Expiry of Section 21 Notice – I have served a Section 21 (s21) Notice on my tenant but don’t wish to start proceedings immediately. Can I wait without the notice expiring?
Once a Section 21 notice has been served correctly it continues indefinitely, until such time as the tenancy is ended, either by the tenant giving notice and surrendering, or when a new tenancy agreement is signed for a further fixed term.
To terminate an Assured Shorthold Tenancy in England or Wales, at the end of the fixed term, the landlord should serve a Section 21 Notice 21(1)(b) (notice requiring possession) giving the tenant a minimum of two months’ notice.
The notice should name all joint tenants and ideally served on each tenant. Allow at lease 3 working days when notices are posted. You must obtain proof of service.
Providing the landlord serves the S21 notice correctly and all the paperwork is in order, including the letting agreement and, since 6th April 2007, the Tenancy Deposit Scheme requirements, a possession order is assured.
The notice can be served at any time during the fixed term, from day one (after the tenancy has been started) right up to and including the last day of the tenancy.
However, you cannot end a tenancy in under 6 months (during the fixed term) with a S21 Notice, and where the notice is served with less than 2 months to go on a tenancy (can be up to and including the last day of a tenancy), the tenant can stay on beyond the end of the fixed term until the 2 months’ notice period expires.
Possession cannot be obtained during the fixed term unless the tenant is in breach of one or more of the terms of the agreement, as specified in the Housing Acts “Grounds for Possession”. In this case a Section 8 Notice (S8 Notice) is required which states the specific grounds for possession being claimed.
At the end of the fixed term the Assured Shorthold Tenancy will automatically become a statutory periodic tenancy. If rent is paid monthly, this means a month to month tenancy. In this case a periodic notice Section 21(4)(a) must be served.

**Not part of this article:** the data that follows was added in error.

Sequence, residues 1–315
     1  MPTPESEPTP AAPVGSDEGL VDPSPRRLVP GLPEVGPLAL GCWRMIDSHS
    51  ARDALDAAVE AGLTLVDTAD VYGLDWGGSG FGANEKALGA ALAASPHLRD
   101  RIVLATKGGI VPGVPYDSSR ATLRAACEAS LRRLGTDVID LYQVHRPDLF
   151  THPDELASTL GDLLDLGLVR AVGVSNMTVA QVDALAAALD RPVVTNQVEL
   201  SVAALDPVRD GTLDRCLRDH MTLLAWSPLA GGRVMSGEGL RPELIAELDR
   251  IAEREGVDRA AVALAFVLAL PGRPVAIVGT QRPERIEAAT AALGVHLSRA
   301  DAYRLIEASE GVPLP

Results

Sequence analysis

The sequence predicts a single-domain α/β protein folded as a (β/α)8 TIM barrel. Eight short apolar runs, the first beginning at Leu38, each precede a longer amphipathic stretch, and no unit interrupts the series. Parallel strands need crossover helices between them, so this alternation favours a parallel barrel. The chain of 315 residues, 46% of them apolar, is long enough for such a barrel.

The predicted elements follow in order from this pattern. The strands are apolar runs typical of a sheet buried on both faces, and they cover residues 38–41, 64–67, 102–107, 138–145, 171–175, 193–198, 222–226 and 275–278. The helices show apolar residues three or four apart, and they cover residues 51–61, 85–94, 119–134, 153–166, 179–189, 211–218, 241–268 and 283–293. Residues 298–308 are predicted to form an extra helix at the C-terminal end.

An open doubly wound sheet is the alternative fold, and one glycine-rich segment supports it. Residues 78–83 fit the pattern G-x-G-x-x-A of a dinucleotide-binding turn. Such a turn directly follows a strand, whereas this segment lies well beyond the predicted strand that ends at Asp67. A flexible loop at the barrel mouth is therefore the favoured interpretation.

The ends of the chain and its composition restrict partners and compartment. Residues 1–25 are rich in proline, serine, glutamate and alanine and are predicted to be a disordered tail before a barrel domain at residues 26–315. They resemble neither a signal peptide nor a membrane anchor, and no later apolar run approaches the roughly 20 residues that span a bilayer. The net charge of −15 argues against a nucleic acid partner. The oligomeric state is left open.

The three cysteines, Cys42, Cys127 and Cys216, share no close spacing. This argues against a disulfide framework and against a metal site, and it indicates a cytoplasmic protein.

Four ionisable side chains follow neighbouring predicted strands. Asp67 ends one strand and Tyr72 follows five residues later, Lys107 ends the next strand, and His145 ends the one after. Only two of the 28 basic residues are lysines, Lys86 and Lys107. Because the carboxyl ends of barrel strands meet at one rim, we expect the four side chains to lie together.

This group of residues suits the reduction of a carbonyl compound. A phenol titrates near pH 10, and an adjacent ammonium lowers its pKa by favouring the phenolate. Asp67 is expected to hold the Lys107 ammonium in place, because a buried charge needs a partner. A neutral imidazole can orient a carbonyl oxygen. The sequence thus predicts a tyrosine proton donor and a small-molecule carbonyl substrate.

In this second case the notice must give 2 full months’ notice ending on the last day of a tenancy period, AFTER which possession is sought. Therefore, in practice the tenant often gets more than two months notice, sometimes nearly three.
For example, if the fixed term tenancy ended on the 25th of August, the periodic tenancy would run from the 26th of the month and end on the 25th, and September, October etc. Suppose the landlord serves notice on the 15th of September. The periodic notice would end on the 25th of December, AFTER which possession could be sought.
Once the notice period ends the landlord (or his/her agent) applies to the court for possession using the court procedure for the possession of a dwelling house.
– Agreement & Forms – Section 21 Notices and Notes on Serving
– What is a Section 21 Notice?
– Expiry of a Section 21 Notice
– Section 8 Notices
– Section 8 Procedure
– Gaining possession of a privately rented property let on an assured shorthold tenancy
By Tom Entwistle,
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©LandlordZONE All Rights Reserved – never rely totally on these general guidelines which apply primarily to England and Wales. They are not definitive statements of the law. Before taking action or not, always do your own research and/or seek professional advice with the full facts of your case and all documents to hand.